HEALTH NOTES: Gene tests identify risks associated with ‘silent’ strokes
Gene tests could one day be used to spot patients at risk of ‘silent’ strokes that cause dementia, scientists believe.
Researchers studied genetic samples of thousands of people who’d suffered a lacunar stroke – caused by weakening of the blood vessels deep within the brain – and compared them to those who hadn’t. Twelve similarities were found in the stroke victims’ DNA.
As the blood vessels affected by a lacunar stroke are small, it can strike without the person knowing. High blood pressure, type 2 diabetes and a history of smoking are causally associated with an increased risk of lacunar stroke.
Gene tests could one day be used to spot patients at risk of ‘silent’ strokes that cause dementia, scientists believe
British Heart Foundation medical director Professor Sir Nilesh Samani said: ‘This research provides real hope that we can prevent and treat this devastating type of stroke much better in the future.’
Calm secret in a mug of coca
Few things are as comforting as a mug of hot chocolate and scientists now have an intriguing theory why – the effect of compounds called flavanols found in cocoa.
University of Birmingham researchers gave a group of healthy men a high-flavanol cocoa drink who then completed a ‘mental stress’ task. Another group were given a non-flavanol drink before doing the same task. Sensors measured their heart rate and blood pressure.
The stress response was smaller in those who had consumed the cocoa drink. A flavanols-rich diet has been linked to lower risk of stroke and heart disease but this study shows they may help cells lining blood vessel walls respond better when the body is under stress.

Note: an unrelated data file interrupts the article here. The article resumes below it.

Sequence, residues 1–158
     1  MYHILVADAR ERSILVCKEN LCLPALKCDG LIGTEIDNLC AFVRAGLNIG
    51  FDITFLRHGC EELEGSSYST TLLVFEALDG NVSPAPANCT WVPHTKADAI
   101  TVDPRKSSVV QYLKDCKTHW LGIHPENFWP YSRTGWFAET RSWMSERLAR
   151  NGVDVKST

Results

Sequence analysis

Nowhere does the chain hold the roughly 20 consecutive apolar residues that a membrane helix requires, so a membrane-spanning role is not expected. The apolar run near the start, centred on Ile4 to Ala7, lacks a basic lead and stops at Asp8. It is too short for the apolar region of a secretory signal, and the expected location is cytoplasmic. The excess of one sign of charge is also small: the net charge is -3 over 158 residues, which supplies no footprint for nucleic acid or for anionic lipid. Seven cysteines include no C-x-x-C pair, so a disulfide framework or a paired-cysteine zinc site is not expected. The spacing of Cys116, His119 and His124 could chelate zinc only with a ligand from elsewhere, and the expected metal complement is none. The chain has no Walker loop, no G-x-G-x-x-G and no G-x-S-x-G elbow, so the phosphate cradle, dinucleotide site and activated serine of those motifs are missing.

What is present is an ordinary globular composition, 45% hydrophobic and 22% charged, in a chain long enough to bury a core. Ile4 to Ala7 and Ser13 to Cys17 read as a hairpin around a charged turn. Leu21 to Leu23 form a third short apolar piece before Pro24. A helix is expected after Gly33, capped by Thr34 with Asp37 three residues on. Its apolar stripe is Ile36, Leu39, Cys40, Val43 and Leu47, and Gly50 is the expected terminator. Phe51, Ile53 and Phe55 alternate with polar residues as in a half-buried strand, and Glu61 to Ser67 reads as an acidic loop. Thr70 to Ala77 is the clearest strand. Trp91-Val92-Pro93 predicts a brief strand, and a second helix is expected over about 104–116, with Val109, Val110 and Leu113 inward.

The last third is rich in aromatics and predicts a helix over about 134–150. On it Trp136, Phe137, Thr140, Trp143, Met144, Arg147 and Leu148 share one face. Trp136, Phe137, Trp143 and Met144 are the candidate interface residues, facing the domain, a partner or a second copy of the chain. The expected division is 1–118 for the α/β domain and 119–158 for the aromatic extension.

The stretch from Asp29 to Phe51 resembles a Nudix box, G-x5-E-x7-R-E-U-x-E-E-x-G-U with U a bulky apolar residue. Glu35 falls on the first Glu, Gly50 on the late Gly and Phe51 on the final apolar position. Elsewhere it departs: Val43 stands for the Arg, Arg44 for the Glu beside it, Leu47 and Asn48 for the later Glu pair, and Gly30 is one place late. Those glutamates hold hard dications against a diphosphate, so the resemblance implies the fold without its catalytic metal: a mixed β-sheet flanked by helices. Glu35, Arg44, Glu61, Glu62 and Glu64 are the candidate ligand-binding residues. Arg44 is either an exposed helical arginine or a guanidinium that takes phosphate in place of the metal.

University of Birmingham researchers gave a group of healthy men a high-flavanol cocoa drink who then completed a ‘mental stress’ task
People who eat quickly are more likely to be overweight, research suggests.
Scientists asked more than 800 adults and children to rate their eating speed from very slow to very fast, and recorded the participants’ height, weight, waist circumference and BMI. A faster eating rate was significantly associated with a higher BMI and larger waist circumference in both children and adults.
Previous studies looking into the association between consuming foods at a fast pace and increased energy intake focused solely on children. The University of Roehampton and Bristol University research adds to growing evidence of a clear relationship between body mass and eating rate in adults too.
Almost half of British adults are unable to name a single symptom of bowel cancer – the UK’s second biggest killer – a charity has warned.
Just a third of respondents to a survey from Bowel Cancer UK knew to watch out for blood in the stools, while only one in ten knew that abdominal pain, changes in bowel habits and unexplained weight loss were symptoms.
In April alone, more than 1,300 people will die of bowel cancer. Nearly everyone diagnosed at the earliest stage will survive bowel cancer, but this drops significantly as the disease develops.